Human Geography: ESRC Wales Doctoral Training Partnership PHD collaborative studentship at Swansea
- Full cost of tuition fees cost and annual stipend
- 3 February 2021
Human Geography: ESRC Wales Doctoral Training Partnership PHD collaborative studentship: Conflicting Identities and Belonging of Young Ethnic Minority People
Swansea University, supported by the ESRC Doctoral Training Partnership for Wales (Wales DTP), invites applications for funded PhD study, available to start in October 2021. The following collaborative studentship is available in the Human Geography pathway of the ESRC Wales DTP:
‘Sensing Wales: Conflicting Identities and Belonging of Young Ethnic Minority People in Wales’ in Collaboration with the Ethnic Minorities and Youth Support Team Wales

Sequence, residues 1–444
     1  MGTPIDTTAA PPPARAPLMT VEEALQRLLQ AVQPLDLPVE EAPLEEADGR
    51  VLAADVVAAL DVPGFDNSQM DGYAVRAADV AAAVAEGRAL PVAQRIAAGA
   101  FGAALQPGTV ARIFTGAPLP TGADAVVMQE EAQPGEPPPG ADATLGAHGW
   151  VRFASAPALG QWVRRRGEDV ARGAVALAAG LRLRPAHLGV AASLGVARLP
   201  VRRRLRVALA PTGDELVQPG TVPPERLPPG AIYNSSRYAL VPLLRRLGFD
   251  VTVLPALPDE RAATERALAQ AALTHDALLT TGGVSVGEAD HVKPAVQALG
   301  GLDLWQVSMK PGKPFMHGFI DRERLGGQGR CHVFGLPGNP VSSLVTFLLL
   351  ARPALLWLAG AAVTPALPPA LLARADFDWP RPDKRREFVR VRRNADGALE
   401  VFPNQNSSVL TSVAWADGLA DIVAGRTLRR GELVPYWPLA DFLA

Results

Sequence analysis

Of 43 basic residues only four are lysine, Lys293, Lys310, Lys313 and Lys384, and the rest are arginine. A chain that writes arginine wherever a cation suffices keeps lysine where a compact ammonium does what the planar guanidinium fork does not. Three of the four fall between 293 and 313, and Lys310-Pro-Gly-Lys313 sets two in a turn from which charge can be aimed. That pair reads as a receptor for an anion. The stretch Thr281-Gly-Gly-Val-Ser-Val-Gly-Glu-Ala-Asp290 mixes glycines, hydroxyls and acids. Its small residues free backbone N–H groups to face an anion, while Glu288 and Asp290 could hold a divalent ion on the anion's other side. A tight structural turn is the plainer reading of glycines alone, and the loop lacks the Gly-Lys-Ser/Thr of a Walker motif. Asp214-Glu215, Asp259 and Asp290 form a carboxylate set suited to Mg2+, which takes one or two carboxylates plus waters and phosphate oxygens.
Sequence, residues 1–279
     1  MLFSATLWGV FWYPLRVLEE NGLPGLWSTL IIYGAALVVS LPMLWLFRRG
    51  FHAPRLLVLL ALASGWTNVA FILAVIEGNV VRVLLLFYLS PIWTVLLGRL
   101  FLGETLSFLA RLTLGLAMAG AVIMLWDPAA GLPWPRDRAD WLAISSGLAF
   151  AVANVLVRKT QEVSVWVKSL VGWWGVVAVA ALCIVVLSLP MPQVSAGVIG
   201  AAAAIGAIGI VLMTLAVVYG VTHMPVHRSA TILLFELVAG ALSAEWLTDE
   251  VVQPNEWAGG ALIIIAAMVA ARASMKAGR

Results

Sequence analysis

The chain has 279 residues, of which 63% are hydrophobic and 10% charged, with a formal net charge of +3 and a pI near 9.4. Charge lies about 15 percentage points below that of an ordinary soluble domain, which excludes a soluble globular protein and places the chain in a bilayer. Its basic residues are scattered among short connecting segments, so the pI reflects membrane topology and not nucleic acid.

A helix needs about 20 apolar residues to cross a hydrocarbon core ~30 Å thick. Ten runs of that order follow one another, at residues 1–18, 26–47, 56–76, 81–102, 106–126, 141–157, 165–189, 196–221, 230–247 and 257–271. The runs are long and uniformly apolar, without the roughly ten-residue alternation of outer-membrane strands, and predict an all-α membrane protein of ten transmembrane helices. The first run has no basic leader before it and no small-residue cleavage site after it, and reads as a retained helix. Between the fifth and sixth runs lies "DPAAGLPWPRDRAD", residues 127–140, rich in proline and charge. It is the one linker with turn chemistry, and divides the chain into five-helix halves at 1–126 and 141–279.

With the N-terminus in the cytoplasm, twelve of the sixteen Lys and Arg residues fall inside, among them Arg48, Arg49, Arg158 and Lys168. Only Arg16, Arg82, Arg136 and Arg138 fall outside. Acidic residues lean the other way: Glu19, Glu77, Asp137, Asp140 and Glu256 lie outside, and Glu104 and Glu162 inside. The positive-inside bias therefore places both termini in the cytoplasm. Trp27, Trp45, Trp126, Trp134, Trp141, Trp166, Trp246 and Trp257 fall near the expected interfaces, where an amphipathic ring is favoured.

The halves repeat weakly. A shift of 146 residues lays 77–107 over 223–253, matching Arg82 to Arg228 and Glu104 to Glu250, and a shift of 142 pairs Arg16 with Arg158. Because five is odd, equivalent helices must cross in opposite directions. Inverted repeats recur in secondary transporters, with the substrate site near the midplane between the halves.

Context and Rationale: the recent ‘Migrant Crisis’, Windrush Scandal and ‘Black Lives Matter’ campaigns have prompted the Welsh Government and other progressive organisations to tackle, with renewed vigour, social exclusion, discrimination and racism, and to create fairer and more cohesive communities, as exemplified by the Government’s ambitious ‘Nation of Sanctuary’ plan. However, the contested and conflicted feelings of identity and belonging of Black, Asian and Minority Ethnic (BAME) migrants are often overlooked. Indeed, many reject the BAME term, claiming that it reinforces social exclusion and negative perceptions and has been all-too-easily weaponised by far-right groups and anti-migrant discourses. This project will focus on young ethnic minority migrants in Wales and study their feelings of belonging and sense of identification with Wales and the BAME terminology so as to better understand the significance of youth, race and ethnicity for community cohesion. The project is a partnership between the ESRC Human Geography Pathway at Swansea and Aberystwyth Universities and the Ethnic Minorities and Youth Support Team Wales (EYST).